The first week home from China has been filled with a flurry of activity. Bills, appointments, email, snail mail, groceries and oh so much more. One of the main purposes for taking advantage of the opportunity to travel when we did, was so that Hulaloo would be able to go with us on our family adventure without missing school. Not just any first day of school. But THE first day of school, which is also the first day of Kindergarten. We had just a few days to shed the jet lag before school started! (Luckily we are at the end of the alphabet, which bought us another day. If we had been letters A-J, she would have had to go Wednesday.)
Its easy in all of the excitement of a new family member to overlook the change and sacrifice that is automatically thrust on the other little members of an adoptive family (without their consent.) Think about it…. Our little five year old has literally been around the world to China, gotten a new sister, and started school, all in just two weeks. Any of those things by themselves is a big deal in the world of a five year old. Add to that about 12 hours of jet lag and it could be a recipe for major drama. (I prepared myself for large bouts of whining that haven’t yet materialized.)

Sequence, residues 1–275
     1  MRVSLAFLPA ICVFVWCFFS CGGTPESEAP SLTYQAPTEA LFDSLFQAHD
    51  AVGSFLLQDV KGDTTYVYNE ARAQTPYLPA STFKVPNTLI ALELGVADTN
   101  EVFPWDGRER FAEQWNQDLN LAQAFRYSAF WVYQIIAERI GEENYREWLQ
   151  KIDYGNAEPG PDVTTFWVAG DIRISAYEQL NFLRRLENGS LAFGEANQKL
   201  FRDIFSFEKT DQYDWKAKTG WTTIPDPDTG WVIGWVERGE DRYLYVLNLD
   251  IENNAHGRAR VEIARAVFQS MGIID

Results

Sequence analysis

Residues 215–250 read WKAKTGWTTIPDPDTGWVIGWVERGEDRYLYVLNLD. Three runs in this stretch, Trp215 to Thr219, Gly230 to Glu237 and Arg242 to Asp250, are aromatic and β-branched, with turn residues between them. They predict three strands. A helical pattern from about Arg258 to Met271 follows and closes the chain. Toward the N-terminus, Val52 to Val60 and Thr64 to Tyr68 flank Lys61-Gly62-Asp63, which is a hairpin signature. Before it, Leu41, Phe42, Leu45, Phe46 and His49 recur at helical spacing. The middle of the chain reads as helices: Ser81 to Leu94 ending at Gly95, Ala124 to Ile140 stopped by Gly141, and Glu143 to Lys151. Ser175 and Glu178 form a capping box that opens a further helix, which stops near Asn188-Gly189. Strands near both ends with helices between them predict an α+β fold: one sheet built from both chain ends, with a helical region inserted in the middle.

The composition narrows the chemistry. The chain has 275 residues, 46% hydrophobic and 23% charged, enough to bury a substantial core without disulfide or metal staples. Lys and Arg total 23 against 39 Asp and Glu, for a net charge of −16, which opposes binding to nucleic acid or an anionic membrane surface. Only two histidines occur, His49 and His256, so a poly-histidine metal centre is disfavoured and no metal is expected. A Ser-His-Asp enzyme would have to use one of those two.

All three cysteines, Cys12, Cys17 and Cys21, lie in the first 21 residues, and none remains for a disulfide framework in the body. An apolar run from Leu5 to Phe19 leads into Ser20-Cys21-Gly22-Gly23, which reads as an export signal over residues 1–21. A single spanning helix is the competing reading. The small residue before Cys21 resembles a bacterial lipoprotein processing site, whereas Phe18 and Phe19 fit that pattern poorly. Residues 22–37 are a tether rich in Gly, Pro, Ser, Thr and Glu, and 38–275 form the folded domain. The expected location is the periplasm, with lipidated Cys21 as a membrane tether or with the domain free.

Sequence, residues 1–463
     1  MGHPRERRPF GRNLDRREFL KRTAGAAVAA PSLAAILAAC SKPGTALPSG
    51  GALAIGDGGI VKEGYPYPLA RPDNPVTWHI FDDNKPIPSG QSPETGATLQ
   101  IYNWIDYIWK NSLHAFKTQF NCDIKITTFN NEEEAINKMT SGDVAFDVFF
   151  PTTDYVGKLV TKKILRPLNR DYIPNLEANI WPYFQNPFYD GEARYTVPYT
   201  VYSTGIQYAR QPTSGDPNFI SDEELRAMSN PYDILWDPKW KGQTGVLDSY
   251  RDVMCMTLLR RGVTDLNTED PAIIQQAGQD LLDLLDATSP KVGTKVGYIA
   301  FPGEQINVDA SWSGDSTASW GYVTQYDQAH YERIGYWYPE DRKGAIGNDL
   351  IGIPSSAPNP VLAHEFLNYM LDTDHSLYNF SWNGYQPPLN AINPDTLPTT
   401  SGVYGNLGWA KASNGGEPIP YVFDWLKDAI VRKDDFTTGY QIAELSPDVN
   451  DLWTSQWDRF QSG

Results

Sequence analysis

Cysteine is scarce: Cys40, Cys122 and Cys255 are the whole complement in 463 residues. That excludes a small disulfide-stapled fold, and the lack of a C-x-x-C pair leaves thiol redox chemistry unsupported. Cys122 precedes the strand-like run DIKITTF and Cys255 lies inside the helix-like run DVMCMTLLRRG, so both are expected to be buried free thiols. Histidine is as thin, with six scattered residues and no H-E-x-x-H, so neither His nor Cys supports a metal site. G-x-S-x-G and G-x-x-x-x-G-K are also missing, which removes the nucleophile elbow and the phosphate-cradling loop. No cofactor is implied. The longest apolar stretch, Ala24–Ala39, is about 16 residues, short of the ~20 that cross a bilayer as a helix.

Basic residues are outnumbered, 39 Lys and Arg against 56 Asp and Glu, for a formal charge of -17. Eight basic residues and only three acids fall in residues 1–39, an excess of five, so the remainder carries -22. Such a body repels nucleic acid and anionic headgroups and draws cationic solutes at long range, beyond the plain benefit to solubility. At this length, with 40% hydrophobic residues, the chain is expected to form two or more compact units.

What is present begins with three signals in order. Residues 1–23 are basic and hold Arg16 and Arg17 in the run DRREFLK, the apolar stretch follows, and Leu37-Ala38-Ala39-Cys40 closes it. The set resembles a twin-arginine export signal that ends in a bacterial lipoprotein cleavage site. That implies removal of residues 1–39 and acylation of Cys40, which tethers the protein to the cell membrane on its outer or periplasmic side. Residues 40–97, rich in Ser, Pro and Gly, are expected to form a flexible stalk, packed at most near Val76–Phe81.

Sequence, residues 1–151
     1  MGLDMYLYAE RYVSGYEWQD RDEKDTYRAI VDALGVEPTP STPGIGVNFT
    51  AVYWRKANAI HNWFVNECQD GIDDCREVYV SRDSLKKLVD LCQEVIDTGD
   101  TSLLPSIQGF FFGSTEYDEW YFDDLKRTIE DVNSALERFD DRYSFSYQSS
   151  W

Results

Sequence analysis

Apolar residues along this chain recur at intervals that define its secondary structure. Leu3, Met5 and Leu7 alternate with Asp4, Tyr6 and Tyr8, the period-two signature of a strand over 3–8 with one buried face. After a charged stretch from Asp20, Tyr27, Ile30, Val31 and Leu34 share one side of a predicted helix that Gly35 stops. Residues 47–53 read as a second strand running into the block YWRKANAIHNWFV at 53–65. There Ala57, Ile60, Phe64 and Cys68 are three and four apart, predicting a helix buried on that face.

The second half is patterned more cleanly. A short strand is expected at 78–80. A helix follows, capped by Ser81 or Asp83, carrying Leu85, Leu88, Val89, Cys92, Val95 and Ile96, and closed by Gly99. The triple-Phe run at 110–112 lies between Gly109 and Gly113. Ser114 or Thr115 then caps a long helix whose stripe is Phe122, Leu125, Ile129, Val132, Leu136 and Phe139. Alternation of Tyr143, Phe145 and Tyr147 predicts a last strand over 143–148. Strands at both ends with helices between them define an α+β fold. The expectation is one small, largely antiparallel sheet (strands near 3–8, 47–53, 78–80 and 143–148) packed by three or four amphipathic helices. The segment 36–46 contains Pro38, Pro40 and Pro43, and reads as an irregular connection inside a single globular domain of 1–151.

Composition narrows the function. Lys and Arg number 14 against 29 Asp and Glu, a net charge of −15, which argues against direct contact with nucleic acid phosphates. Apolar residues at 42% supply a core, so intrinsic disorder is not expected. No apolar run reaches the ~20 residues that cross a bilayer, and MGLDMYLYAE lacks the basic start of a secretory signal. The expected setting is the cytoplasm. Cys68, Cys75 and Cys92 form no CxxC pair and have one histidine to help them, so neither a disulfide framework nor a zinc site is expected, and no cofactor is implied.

As so often happens, I have been surprised by the resilience and adaptability of children. I am amazed by the way Hulaloo happily stepped into the role of big sister and overcame the challenge of 12 hours of jet lag to step onto a bus full of strangers without Mamma. (If you have never experienced 12 hour jet lag, it feels like a bus just rolled over you.)
It’s not been all chocolate and roses since returning home. There have been many ups and downs, but the good far outweigh the bad. Looking at the way our little five year old fireball has handled all the change in her little life, made me realize that her confidence comes from her trust in us. She knows that we won’t leave and that regardless of what happens at school, WE ARE HERE. The only way we would allow her to get on a bus is if we know where it is headed and who’s in control.
That’s kind of how God’s plan works for our lives, isn’t it? We may not be in complete control of the bus (and there may be bullies and … heaven forbid, bad words on the bus,) but He’s in control. HE IS HERE.
Much like Hulaloo, that is all I need to know.